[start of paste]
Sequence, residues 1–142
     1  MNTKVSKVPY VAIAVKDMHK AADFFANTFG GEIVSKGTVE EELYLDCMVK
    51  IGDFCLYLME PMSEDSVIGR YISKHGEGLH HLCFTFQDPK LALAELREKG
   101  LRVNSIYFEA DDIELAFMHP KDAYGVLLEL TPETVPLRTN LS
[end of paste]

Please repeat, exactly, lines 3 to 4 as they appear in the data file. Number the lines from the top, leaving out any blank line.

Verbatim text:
    51  IGDFCLYLME PMSEDSVIGR YISKHGEGLH HLCFTFQDPK LALAELREKG
   101  LRVNSIYFEA DDIELAFMHP KDAYGVLLEL TPETVPLRTN LS